Q&A: Intern Alumni: Mithun Vijayasekar

Where did you go to school?

University of California, Davis

What was your favorite class there?

Intro to Animal Science–where we learned how to milk goats and cows, and flip sheep, which is an effective practice to keep sheep calm for shearing. This was definitely the best part of going to one of the best veterinary and agricultural schools in the country.

What was your favorite late-night food?

Thai Canteen where you could find the best Pad Thai and Thai Iced Tea.

Why did you apply for the internship at Ripple?

I wanted to join an innovative company where I could surround myself with a great team and engineering culture. Ripple is at the forefront of blockchain technology and allows immigrants like myself to send cross-border payments back home efficiently. I knew putting myself behind such an impactful mission would make the work I do feel rewarding.

Were you involved with crypto or blockchain at your school?

Yes, I helped lead the Blockchain @ Davis club.

What was your biggest surprise as an intern?

Rather than working on low priority intern projects, I was allowed to work on one of the critical problems that our team was facing. From day one of my internship, I had the privilege of kick-starting the Monitoring Framework project, allowing RippleNet applications to have real-time visibility. I was pleasantly surprised at the amount of autonomy I was given to approach the problem as an intern. I was given the freedom to gather the requirements, understand the “problem,” design a solution, and then implement, test and launch the feature. I had great peers to collaborate with and bounce ideas off of, and the experience of working through the complete lifecycle of an impactful project was invaluable.

What was the hardest problem you solved as an intern?

Similar to most interns, I pushed myself out of my comfort zone to face challenges and learn from them. I believe one of the challenges that helped me grow as an engineer and co-worker was handling cross-team communication. As part of the RippleNet Platform Services team, our mission is to build and maintain a suite of tools and services that can be leveraged by all RippleNet applications. My intern project contributed to that mission and required collaborating with numerous stakeholders. While gathering data and getting feedback on my design documentation, I realized the importance of clear and efficient communication. Once I adapted effective methods of communication, I was able to share information more efficiently hence improving collaboration and productivity.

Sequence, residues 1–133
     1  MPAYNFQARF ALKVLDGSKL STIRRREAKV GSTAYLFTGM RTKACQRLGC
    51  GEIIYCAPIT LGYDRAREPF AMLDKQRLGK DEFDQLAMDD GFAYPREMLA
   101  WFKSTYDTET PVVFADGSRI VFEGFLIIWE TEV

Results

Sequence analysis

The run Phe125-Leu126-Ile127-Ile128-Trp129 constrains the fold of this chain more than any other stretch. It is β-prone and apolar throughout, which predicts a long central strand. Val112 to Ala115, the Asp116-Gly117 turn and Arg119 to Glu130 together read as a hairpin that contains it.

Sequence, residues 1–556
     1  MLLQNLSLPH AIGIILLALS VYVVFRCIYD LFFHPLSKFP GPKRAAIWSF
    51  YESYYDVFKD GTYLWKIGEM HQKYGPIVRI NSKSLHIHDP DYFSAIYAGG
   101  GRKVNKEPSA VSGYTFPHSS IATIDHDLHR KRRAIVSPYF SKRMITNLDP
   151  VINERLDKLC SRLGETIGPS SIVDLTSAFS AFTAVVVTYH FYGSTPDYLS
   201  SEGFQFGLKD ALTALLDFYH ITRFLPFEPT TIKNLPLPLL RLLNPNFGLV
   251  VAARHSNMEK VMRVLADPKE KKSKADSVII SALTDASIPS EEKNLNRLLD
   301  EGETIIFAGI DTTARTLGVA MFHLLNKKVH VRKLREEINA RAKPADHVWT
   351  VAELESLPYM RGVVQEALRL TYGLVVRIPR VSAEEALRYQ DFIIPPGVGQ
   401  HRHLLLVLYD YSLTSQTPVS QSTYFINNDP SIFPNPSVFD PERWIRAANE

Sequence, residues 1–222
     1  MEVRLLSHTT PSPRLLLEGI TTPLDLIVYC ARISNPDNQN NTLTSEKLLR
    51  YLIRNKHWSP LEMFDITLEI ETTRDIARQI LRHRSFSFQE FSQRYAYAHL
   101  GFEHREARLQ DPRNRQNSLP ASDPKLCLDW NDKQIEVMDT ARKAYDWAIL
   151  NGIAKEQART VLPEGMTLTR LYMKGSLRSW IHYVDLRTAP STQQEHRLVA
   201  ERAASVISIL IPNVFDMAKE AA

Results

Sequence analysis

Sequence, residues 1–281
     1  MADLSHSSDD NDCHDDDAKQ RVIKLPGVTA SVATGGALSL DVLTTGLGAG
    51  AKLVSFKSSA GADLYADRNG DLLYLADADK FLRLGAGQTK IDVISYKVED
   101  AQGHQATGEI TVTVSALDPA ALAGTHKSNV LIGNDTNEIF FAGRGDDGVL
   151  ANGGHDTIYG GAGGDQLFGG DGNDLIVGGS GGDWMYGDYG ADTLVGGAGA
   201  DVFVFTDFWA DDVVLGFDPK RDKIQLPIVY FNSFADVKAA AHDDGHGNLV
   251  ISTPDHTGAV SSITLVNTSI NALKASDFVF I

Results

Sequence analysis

How long have you been a permanent Ripple employee?

I recently celebrated my 1 year Rippleversary as an FTE.

What's the biggest difference between being an intern and a permanent employee?

Honestly, not much which is the best part about it. As an intern, I never felt unimportant or like the work I was doing didn’t matter. Once I converted, some of my co-workers were surprised to find out that I was an intern before. One of the advantages of being a full-time engineer is being able to invest and contribute to long-term projects and take responsibility for all the projects my team was working on by being on-call.

What problems are you solving now?

After my internship, I had the privilege of continuing to build the Monitoring Framework Project that I helped kick-start as an intern. Now, that project has scaled to become a much larger project that spans across the organization and took on the code-name “Project Claritin” (to bring clarity into our applications). Currently, I work on building the Monitoring Framework and infrastructure that will leverage Prometheus, DataDog, AWS Kinesis and GCP (Cloud Composer, Dataflow and Big Query). This project will allow Ripple to have real-time visibility into our applications and services while making it easier to monitor and analyze the data flow.  

If you’re interested in solving these problems and more, join Ripple’s engineering team!